Dietary Strategies to Lower Cholesterol
Posted July 2, 2012
When people learn from their doctor that their
cholesterol levels are high, they generally have to change their
diet. This does not mean, however, that they can never indulge their
palate again. With the right choices, they can continue to eat well
and with gusto. Patients taking anti-cholesterol medication should
also watch what they eat.
"Diet, along with not smoking and getting more exercise, is the
basic treatment when cholesterol levels are high," said Achim Weizel,
chairman of the German Society for the Treatment of Lipid Disorders
and Associated Diseases (DGFF). "When someone is really ill, though,
this isn't enough."
The body needs cholesterol, a waxy substance found in the fats
(lipids) of the blood, to continue building healthy cells. The body
produces some of it, and some is ingested via food. The German Heart
Foundation noted that cholesterol became dangerous when there was too
much low-density lipoprotein (LDL, or "bad" cholesterol) in the blood
and too little high-density lipoprotein (HDL, or "good" cholesterol).
This can lead to substantial fatty deposits - and damage - in the
walls of arteries, impeding blood flow and increasing the risk of a
heart attack or stroke.
Before altering their diet, patients should always ask themselves,
"What's practical?" Weizel said. Otherwise they will be too likely
to abandon their new eating habits and return to the old ones. Both
the DGFF and German Heart Foundation recommend eating a Mediterranean
diet. "We're all familiar with it because we all like to go to
Italian restaurants," Weizel said.
This means eating less meat, a lot of vegetables and fish, more
vegetable oils, dietary fiber and fruit. It is a good idea to change
one's diet gradually, advises Dagmar von Cramm, a German nutrition
expert. First of all, attention should be paid to the fats that are
used, she said.
"Substitute saturated fatty acids with unsaturated ones," von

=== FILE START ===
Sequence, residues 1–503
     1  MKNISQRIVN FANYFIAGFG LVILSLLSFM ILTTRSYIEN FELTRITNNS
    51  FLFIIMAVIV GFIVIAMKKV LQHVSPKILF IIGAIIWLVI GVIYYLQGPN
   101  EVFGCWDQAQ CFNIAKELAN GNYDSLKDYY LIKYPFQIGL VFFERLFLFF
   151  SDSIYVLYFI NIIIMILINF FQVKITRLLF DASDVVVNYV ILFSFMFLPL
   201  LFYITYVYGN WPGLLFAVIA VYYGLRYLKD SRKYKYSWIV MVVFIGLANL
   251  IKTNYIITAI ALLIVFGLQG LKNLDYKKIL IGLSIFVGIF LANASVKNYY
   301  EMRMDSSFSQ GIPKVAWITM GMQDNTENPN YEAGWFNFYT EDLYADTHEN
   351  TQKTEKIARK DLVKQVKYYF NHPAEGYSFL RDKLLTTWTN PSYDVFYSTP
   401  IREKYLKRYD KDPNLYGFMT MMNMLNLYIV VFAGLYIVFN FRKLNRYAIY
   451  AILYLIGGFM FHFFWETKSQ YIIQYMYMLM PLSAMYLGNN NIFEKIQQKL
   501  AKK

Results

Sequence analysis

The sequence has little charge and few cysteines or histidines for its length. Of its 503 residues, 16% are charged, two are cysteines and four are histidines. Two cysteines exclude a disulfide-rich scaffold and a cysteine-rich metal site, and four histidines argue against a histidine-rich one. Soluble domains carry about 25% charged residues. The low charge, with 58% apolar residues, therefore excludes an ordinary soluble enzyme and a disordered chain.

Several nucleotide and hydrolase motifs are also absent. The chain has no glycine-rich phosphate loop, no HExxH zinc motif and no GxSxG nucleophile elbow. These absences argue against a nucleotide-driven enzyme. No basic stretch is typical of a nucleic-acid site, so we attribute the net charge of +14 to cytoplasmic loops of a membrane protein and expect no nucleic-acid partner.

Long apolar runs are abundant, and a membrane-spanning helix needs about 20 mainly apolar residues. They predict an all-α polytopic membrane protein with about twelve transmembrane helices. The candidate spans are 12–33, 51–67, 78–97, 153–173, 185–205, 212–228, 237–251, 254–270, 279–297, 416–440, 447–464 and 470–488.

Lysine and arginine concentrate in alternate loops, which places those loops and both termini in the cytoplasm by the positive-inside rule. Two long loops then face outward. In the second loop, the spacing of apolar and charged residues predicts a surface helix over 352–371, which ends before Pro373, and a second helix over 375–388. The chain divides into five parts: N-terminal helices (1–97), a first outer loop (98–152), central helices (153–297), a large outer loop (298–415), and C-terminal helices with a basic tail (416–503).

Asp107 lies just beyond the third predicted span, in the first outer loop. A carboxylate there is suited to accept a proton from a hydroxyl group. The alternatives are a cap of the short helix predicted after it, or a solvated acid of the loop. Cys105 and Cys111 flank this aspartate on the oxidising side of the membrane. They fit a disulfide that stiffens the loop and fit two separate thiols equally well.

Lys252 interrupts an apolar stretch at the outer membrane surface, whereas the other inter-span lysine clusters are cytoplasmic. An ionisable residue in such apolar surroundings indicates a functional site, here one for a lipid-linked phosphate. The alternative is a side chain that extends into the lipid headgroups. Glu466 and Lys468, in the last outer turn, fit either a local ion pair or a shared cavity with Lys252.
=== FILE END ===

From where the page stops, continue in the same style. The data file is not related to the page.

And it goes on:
Cramm recommended. "In other words, refrain from animal fats such as
butter in favour of vegetable fats with plenty of omega-3 fatty
acids, which are found, for example, in fish, good low-fat margarines
and rapeseed oil."
As a general rule, the more fluid at room temperature that a fat
is, the better its fatty acid composition - and hence the greater its
admissibility in one's diet, according to von Cramm. Only low-fat
dairy products should be eaten, she said, adding that people who find
low-fat, plain yogurt insufficiently creamy could make it smoother
with a bit of neutral oil like rapeseed or walnut.
Von Cramm's second recommendation is to increase the proportion of
dietary fiber in one's meals because fiber binds cholesterol in the
intestines, from where it is expelled from the body. Her tip: Eat
three handfuls of vegetables daily.
"Don't eat the vegetables only raw, and don't eat them like
medicine," she said. "Include them in your meal planning in the form
of vegetable dishes, salads or a large side dish." Wholegrain
products are also rich in dietary fibre and should therefore appear
on the dining table more often.
Thirdly, von Cramm advised, "Hands off ready-to-serve pastry." She
pointed out that it often contains a lot of unhealthy fats, as do
fatty meat, fatty sausage, fatty cheese and rich spreads. She said it
was better to bake a cake oneself, particularly with yeast dough
since it required little fat. Curd cheese oil dough and Arab phyllo
dough are other cholesterol-free alternatives.
As for dessert, von Cramm suggested fruit and nuts instead of
things containing cream and eggs.
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